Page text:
If you’re looking for the perfect gift for someone who’s riveted to television shows like CSI, you won’t find a better one than Dr. Katherine Ramland’s latest book, THE HUMAN PREDATOR: A Historical Chronicle of Serial Murder and Forensic Investigation (Berkley Hardcover; Oct. 4, 2005). It’s an extraordinarily well-researched book, written in a flowing, easy-to-understand style. You’ll not only learn about serial murder but also the historical background of forensic science in its response to this phenomenon.
Some 25 years ago, a terrifying creature burst into our consciousness: the serial killer, who looked just like you and me, appeared normal much of the time, but killed repeatedly for no apparent reason. Ted Bundy, Jeffrey Dahmer, John Wayne Gacy and the Green River Killer became household names. People started to look with a new apprehension at the next door neighbors, the postman, and the grocery store clerk. It was a new form of psychological terrorism.
And suddenly they seemed to pop up everywhere. The 1980s proved to be an important milestone in the chronology of serial murder, and Dr. Ramsland wrote this astounding statistic: during the ‘80s throughout the world, “a serial killer was caught, suspected, or in clear operation at some point on an average of one every three days.” Either serial killers were proliferating or police were becoming more adept at identifying them. The media coverage soon focused on the problem, helping to create an industry that includes scores of books and movies about serial killers.
Yet despite the enormous public interest in serial killers, there are still widely held misperceptions. For example, there’s a tendency to think of their emergence as comparatively recent phenomenon, composed primarily of white American males in their twenties and thirties, and that Jack the Ripper was the first one. Ramsland proves the error of these beliefs, as she uncovers serial killers of both sexes in every age group, in every era, and on every continent. Astonishingly, one is ten years old. And she’s female!
In all likelihood, serial killers may have always been among us, but the earliest documented offender was Locusta, a female poisoner who enjoyed the protection of Nero until she fell from favor and was executed in a particularly brutal fashion: She was torn apart by wild animals.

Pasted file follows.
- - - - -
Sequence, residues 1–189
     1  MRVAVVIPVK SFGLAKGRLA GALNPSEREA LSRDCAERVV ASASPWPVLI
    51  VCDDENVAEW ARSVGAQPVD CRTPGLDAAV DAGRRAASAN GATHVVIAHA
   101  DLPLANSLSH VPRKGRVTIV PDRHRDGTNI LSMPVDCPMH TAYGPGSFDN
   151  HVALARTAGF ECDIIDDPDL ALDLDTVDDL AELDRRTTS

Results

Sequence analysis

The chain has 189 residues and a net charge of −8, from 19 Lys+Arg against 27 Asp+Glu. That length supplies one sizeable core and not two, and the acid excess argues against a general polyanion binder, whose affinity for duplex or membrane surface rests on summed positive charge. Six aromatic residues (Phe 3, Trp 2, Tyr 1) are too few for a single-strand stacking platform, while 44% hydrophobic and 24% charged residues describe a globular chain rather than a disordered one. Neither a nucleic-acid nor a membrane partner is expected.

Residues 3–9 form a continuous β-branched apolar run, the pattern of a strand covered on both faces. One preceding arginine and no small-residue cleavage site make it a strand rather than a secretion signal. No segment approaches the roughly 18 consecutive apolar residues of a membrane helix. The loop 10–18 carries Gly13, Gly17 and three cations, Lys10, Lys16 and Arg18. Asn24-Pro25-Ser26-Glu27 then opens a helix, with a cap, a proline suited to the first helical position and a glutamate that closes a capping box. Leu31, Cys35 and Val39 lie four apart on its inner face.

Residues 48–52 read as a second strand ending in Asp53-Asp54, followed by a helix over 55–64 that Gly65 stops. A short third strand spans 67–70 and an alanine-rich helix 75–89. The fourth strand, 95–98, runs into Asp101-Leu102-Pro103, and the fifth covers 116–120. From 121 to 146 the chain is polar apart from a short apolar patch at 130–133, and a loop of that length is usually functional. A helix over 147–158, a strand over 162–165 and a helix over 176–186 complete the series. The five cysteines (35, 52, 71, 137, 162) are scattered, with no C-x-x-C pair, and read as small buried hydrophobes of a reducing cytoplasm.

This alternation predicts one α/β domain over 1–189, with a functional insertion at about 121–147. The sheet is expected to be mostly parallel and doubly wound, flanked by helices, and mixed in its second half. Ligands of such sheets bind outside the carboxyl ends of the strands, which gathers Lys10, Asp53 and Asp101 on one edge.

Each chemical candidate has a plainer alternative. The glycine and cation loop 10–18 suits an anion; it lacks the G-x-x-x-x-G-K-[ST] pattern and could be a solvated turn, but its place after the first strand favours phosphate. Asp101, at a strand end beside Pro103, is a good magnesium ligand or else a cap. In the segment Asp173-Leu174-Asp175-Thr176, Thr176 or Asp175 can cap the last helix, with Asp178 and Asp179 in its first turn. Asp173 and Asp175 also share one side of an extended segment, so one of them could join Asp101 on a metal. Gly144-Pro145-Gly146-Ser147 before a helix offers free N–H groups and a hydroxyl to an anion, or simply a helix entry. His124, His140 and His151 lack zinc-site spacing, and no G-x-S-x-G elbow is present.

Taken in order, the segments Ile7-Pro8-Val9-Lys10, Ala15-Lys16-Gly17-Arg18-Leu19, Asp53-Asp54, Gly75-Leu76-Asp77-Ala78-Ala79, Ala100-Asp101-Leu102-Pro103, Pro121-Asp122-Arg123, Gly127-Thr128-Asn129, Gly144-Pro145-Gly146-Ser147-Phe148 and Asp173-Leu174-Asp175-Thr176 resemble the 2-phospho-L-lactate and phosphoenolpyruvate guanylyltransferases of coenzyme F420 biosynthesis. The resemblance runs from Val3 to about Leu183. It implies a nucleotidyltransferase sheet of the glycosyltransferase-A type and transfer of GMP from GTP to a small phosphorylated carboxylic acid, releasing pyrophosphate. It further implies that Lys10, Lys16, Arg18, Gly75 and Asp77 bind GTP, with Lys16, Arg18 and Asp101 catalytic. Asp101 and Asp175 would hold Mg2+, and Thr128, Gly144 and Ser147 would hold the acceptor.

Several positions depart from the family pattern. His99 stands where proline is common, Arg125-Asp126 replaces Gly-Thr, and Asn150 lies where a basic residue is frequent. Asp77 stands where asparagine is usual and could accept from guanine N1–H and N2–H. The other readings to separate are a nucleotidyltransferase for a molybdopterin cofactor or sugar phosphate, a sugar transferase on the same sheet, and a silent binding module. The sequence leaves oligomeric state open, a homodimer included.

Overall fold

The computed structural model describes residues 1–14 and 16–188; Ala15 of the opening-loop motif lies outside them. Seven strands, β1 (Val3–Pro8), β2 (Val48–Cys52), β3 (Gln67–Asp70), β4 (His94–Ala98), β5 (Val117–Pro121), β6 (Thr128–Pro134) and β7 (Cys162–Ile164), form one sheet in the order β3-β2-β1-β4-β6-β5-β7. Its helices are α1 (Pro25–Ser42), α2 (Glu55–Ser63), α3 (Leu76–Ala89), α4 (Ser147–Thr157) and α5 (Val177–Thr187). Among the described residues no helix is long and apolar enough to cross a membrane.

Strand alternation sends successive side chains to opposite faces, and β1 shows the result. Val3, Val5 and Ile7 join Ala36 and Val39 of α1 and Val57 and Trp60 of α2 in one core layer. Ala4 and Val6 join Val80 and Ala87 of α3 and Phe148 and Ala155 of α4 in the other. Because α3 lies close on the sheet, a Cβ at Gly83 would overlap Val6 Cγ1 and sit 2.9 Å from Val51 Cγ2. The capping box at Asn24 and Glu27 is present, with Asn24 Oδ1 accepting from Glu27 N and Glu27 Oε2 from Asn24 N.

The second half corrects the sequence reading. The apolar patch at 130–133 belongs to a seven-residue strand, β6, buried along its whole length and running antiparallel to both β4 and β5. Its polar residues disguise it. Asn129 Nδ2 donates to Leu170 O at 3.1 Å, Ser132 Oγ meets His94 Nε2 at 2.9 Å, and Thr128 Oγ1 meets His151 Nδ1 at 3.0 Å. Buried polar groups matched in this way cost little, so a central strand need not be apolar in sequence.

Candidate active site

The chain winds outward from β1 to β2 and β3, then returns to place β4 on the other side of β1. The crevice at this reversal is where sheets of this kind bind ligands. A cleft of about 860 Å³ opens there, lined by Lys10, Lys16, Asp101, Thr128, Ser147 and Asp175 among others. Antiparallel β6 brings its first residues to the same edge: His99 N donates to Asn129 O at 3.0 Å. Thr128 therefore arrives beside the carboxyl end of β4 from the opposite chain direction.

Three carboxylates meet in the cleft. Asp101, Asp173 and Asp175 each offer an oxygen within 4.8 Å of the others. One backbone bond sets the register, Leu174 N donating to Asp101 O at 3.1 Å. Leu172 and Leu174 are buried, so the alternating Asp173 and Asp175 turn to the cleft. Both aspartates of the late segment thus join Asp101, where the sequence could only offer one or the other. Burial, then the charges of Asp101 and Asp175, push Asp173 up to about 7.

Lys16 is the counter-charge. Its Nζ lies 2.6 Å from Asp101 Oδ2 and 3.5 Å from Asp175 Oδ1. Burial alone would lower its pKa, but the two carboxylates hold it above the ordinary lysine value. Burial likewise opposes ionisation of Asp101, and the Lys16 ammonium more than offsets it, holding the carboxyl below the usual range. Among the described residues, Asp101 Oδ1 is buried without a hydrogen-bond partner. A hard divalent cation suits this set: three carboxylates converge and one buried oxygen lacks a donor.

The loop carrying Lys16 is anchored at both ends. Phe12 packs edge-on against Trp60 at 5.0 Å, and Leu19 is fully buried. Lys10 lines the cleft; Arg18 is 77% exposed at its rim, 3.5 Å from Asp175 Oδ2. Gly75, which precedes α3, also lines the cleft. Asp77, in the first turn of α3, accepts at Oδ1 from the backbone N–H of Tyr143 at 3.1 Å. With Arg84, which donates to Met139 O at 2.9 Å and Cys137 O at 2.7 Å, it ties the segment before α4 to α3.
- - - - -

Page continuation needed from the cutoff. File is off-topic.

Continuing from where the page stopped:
THE HUMAN PREDATOR is the first book-length chronicle of the serial killer from ancient Rome to the present day, and it becomes clear that cultural factors influence their manifestation. While not every killer could be included, lest the book become encyclopedic, key cases from different time periods are analyzed for the “specific cultural conditions, individual processing of those conditions, and opportunity” that affected that criminal’s development. In the Dark Ages, for example, wealthy nobles like French hero Gilles de Rais and the Countess Elizabeth Bathory made Jack the Ripper look like a Boy Scout.
Threaded throughout this absorbing narrative is how both science and psychology evolved alongside the history of the serial killer, providing not only the tools to catch these criminals but a growing understanding of their psyche. It is surprising how early these forensic sciences began to develop. For example, in 1247, a Chinese lawyer produced the first work of forensic science, which included instructions on how to tell the difference between a suicide, homicide and natural death. Even the word “forensic” is from the Latin, meaning “before the forum.” At the more recent end of the spectrum, the U.S. has led the development of a body of knowledge about serial killers, mostly through the FBI’s legendary Behavioral Science Unit (now Behavioral Analysis Unit) that played a key role in the most famous serial killer movie, The Silence of the Lambs. Ramsland knows firsthand the pioneering contributions of this important group of profilers, John Douglas, Robert Ressler and Roy Hazelwood, having written about and with them.
There are startling facts in this book as well. While the growing body of knowledge about serial murder is thought to be the province of law enforcement, Ramsland makes the frightening observation that serial killers study one another by reading the many books and articles that become increasingly available: They learn from the mistakes that caused other serial killers to get caught. That means that to catch the clever ones, law enforcement must refine its methods and procedures. The good news is that forensic science is making strides that even the smartest killers can’t yet fathom.
Importantly, at least to Americans, Ramsland dispels the myth that the U.S. is home to an overwhelming percentage of the world’s serial killers. In fact, there are serial killers wherever there are people, but many societies are not yet proficient at identifying them (and some under-report them). In her chronicle, she points out cases all over the world and from every continent, but also explains in language the layman can readily grasp the societal and psychological context in which they have operated. This book is unique in the field. For anyone interested in either forensic science and psychology or serial murder, this book is unique in the field a must-have.